Government representatives were joined by members of the opposition on Saturday (July 2nd) in the Bahraini capital of Manama for the start of the country's much-anticipated national reconciliation dialogue.
Nearly 300 political and social elites, along with leading economic and legal experts, convened under the banner of 'Bahrain brings us together' to discuss the thorniest issues plaguing the kingdom.
Al-Wefaq, Bahrain's largest opposition party, announced Friday evening in a press conference held by party leader Khalil al-Marzouq that it would join the national dialogue, thus ending the weeks long controversy revolving around the party's possible participation.
Al-Marzouq said that the al-Wefaq delegation includes five members of the party, and stressed al-Wefaq's demand that the prime minister be appointed from among members of the parliamentary majority.
The national dialogue will address four central topics, including political, economic, social and legal matters. Each central topic has 15 sub-topics, comprising each a total of 90 items of discussion for the different work groups.
Opinions on the national dialogue varied, with some participants believing it would strengthen national cohesion and address sensitive issues. Others criticised the steps taken in preparation for the meeting and cast doubt on the dialogue sessions' efficacy in formulating practical recommendations capable of pulling Bahrain out of its ongoing political crisis.
Rabab al-Oraid, member of the Shura Council of Bahrain and a participant in the dialogue, said that the high number of dialogue members is evidence of the government's genuine intent to reach a comprehensive consensus for the majority of outstanding domestic issues.
"[The] general atmosphere of the dialogue was characterised by a spirit of tolerance and brotherhood because all [participants] recognise the importance of this initiative and its potential to generate a positive outcome for the people of Bahrain and ensure a brighter future," said al-Oraid.
She considered the legal session to be the dialogue's most important one, claiming that the sensitive items within it could resolve most other points of contention.
"The legal topic is the basis of all the principles, since it is the basis of the reform process and because of the fact that it overlaps with the other topics," she said.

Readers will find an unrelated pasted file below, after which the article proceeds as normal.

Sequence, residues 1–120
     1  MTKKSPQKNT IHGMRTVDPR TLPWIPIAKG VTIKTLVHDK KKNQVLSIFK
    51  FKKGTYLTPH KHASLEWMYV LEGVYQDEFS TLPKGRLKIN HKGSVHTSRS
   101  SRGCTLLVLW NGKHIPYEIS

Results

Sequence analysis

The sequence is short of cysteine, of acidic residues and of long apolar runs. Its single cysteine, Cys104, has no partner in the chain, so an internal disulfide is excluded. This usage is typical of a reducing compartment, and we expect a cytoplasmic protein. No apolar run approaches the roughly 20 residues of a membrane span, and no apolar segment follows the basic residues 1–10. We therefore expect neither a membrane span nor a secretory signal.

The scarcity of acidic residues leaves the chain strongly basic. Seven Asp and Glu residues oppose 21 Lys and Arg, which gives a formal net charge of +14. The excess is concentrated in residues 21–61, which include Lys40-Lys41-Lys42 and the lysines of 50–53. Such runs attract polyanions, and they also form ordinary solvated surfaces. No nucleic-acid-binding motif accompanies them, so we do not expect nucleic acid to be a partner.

Opposition leader al-Marzouq told Al-Shorfa that the measures taken in preparation for the talks do not reflect a genuine effort capable of producing results. He criticised the selection method for dialogue participants adding that they simply represent ideas, not members of Bahraini society.
According to al-Marzouq, the dialogue turned into a forum, noting that participants received only five minutes to express his or her views. He described the debates' prospects as "weak".
"There ought to be a serious examination of the issues relating to constitutional provisions, such as the mechanisms of forming the government, its authority, and accountability, as well as a discussion of the mechanism of selecting members of the Shura Council and its powers, [which should be conducted] separate from discussions of housing, education, the economy and other matters of secondary importance at this sensitive stage in the Kingdom's history," al-Marzouq said.
"The national reconciliation dialogue must begin and end with the will of the people," he added. "If we can arrive at a formula that is predominantly reflective of the will of the people, [it] would consummate a successful dialogue that garners the approval of all spectra of the Bahraini people."
Dr. Yusuf al-Mishaal, chairman of the Bahrain Export Development Society and national dialogue participant, remained optimistic. He pointed out that the talks would be a positive complement to the National Charter, and denied the presence of any antagonism during the assembly.
"Everybody presented their views on the keys to success, and we hope that everyone sits at the dialogue table and refrains from fabricating any crisis that would disrupt the timetables of the dialogue committees, particularly in light of the limited time available for the discussion of numerous complex topics that impact the daily life and future of every Bahraini," al-Mishaal said.
He said the economic issue is tied to all other dialogue topics, as it involves the highest number of discussion items. He expects a complex debate on the electoral system and the process in delineating the relationship between the Shura Council and Parliament, making it the most hotly debated issue of the dialogue.
Al-Mishaal said he hoped the dialogue assembly will submit its recommendations later this month, prior to the onset of the holy month of Ramadan.